I recommend confining your puppy to a defined space, whether that means in a crate or smaller room. When they learn that he/she needs to go outside to do their business, you can gradually give them more freedom to other parts of the house.
You need to follow these steps:
Using a Crate to House Train Puppy
Keep the puppy on a regular feeding schedule and take away his food between meals. (This is to get him on a potty schedule) However balance this out by making sure he/she gets enough to eat. Puppies are easily distracted and can walk away before he/she is finished. You don’t want your puppy hungry because it can cause food aggression later. When feeding him on a schedule leave the food down for 30 minutes, if he doesn’t eat all of it right away to ensure he/she has fully eaten what he needs
Take puppy out to potty first thing in the morning and then once every 30 minutes to an hour. Also, always take him outside after meals or when he wakes from a nap. Make sure he goes out last thing at night and before he’s left alone. Once you have established a schedule you can move those times farther apart slowly. If an accident occurs shorten the time back to the time they didn’t have an issue. Keep it there until you feel he/she is ready to stretch the time again.
Have a key word “Outside”, “Piddle” or even “bathroom”. You can use different phases “Lets go piddle.” Or “Need to Piddle?” Just make sure that the one key word is in all your phrases. This word will resonate and make it clear what it is you expect from him. Over a period of time, you will start to get a response to the word, with barking and tail wagging common signs of comprehension.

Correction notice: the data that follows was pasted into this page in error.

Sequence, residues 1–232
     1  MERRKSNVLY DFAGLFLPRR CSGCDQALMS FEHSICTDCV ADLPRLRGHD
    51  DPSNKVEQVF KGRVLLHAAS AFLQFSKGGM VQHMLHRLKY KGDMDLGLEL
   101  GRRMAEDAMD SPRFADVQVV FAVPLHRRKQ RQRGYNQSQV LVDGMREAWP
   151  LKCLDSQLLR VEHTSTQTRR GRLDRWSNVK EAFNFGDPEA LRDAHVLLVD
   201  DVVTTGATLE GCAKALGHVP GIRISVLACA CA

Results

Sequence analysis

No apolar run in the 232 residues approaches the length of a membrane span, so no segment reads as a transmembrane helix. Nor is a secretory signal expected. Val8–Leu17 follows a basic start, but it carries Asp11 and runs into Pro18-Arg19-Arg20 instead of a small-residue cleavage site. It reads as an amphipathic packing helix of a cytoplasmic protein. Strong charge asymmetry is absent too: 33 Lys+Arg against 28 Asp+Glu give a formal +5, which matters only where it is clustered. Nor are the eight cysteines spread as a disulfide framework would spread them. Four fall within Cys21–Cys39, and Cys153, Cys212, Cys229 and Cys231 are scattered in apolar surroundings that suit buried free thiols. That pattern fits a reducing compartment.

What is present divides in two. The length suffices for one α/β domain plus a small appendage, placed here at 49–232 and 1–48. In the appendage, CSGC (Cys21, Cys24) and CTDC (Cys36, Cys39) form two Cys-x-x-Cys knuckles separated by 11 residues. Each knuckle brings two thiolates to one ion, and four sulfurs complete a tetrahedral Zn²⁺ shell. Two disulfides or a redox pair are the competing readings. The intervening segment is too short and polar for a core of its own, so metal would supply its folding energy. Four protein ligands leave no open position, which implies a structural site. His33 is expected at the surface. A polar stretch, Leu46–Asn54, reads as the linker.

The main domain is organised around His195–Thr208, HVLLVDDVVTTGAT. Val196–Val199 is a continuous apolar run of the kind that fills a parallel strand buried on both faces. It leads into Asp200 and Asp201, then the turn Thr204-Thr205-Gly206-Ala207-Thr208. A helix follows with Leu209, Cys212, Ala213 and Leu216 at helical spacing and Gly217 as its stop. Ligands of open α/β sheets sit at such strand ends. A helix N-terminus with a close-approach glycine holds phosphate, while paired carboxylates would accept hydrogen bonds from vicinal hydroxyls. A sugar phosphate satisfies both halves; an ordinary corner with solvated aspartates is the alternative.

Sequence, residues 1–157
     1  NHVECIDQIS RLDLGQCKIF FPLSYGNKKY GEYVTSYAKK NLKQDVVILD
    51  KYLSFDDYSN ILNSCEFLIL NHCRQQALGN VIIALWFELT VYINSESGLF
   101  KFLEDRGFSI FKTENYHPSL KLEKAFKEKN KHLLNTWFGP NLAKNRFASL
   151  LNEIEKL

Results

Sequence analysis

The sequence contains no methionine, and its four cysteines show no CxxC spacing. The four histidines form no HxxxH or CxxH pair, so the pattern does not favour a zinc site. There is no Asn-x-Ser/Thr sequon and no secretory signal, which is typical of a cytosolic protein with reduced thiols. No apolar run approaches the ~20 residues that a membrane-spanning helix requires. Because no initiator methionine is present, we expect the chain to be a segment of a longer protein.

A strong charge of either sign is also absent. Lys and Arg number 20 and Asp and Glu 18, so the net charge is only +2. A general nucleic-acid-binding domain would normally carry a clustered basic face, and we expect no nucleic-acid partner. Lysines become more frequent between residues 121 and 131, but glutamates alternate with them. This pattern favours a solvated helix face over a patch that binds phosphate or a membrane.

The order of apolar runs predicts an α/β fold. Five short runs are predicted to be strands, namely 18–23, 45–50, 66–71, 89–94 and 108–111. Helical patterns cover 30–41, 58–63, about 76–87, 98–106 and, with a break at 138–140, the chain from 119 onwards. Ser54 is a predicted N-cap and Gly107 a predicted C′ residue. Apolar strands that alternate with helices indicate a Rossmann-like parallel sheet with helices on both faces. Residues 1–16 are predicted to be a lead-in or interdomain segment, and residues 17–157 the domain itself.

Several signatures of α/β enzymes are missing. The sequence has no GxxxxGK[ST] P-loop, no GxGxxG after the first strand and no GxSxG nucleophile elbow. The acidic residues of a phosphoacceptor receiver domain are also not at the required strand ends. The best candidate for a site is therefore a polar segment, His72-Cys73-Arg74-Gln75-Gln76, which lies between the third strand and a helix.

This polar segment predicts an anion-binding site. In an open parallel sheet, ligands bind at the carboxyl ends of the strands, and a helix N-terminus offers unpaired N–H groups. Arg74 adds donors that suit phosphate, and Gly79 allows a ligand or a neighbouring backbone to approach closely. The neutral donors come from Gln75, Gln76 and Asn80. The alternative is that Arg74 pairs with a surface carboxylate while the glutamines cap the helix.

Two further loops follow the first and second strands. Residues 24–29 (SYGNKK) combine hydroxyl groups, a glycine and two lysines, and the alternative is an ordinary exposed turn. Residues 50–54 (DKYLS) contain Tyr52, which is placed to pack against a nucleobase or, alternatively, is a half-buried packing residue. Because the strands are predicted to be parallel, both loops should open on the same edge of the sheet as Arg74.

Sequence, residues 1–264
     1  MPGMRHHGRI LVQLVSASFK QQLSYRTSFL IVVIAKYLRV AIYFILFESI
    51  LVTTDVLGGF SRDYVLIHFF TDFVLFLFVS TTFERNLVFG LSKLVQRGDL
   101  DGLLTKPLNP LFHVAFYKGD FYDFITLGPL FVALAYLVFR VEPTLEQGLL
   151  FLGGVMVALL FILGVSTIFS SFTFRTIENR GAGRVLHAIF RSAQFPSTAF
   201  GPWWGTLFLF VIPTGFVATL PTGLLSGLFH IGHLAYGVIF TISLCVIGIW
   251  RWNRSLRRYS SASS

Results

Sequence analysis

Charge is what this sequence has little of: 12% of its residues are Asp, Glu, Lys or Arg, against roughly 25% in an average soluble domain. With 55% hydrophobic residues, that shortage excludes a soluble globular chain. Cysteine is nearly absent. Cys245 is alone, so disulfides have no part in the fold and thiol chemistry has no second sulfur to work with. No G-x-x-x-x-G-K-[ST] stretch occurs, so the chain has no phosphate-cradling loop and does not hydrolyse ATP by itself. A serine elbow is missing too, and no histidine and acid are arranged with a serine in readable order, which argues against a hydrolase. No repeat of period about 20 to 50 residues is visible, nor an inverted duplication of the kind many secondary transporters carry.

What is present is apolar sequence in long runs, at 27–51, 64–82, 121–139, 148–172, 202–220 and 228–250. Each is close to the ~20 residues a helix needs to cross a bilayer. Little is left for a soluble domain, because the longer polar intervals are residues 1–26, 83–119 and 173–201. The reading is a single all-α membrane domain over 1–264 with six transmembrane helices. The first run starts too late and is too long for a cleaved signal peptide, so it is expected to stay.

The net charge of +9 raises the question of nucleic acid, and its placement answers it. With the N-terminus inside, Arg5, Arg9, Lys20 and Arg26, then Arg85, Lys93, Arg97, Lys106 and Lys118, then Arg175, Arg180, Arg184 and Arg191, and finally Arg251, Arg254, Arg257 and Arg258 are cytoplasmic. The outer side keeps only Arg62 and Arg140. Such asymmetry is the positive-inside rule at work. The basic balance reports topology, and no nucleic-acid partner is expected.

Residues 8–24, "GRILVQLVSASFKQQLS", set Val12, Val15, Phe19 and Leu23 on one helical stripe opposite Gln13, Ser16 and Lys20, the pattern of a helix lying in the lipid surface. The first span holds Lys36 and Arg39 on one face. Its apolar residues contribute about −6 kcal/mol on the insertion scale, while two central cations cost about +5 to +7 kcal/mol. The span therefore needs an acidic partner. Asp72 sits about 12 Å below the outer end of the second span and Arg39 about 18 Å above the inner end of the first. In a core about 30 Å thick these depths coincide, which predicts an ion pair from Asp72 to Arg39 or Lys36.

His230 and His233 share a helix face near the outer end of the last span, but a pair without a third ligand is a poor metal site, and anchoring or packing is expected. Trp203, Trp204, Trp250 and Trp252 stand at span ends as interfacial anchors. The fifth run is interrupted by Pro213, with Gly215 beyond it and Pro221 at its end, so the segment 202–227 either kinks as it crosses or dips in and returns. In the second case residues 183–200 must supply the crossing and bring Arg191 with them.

Take puppy to the same spot each time to do his business. His scent will prompt him to go. This is why I recommend using a leash for awhile, so you can keep them on track and can lead them to the right spots.
Stay outside with them, at least until house trained.
When your puppy potties outside, praise him/her or give him a treat. A walk around the neighborhood is a nice reward.
Once they have the comprehension of going outside, you can teach them words, for the act. Your puppy will pick these up very quickly, and will soon become aware of what you want him to do, and when you want it to happen. You could use something like “go potty” for urination, or perhaps “go poop” when it’s a number two. It doesn’t really matter which words you use, as long as you keep them consistent and only use them for elimination. There will be a lot of repetition, but it does pay off.
A crate can be a great idea for house training your puppy, at least in the short term. It will allow you to watch them for signs they needs to go and teach them to hold it until you open the crate and let them outside.
Guidelines for crate use:
Make sure it is large enough for your puppy to stand, turn around, and lie down, but not big enough for them to potty on one side and sleep on another. A small Shih Tzu puppy does not need a large crate made for a lab. It is not cruel to keep them for short periods of time or over-night in one. The smaller size also gives them a safe place. Remember their world for most of their young lives were confined to their mother’s body. They know small areas are safe. A larger place is fun and new but very scary to a puppy.
If you use a crate for more than two hours make sure you have fresh water, preferably in a dispenser that can be attach to the crate. Puppies can be clumsy and knock over their bowls. You don’t want them to be sitting in a wet cage for a long period of time, as well with nothing to drink.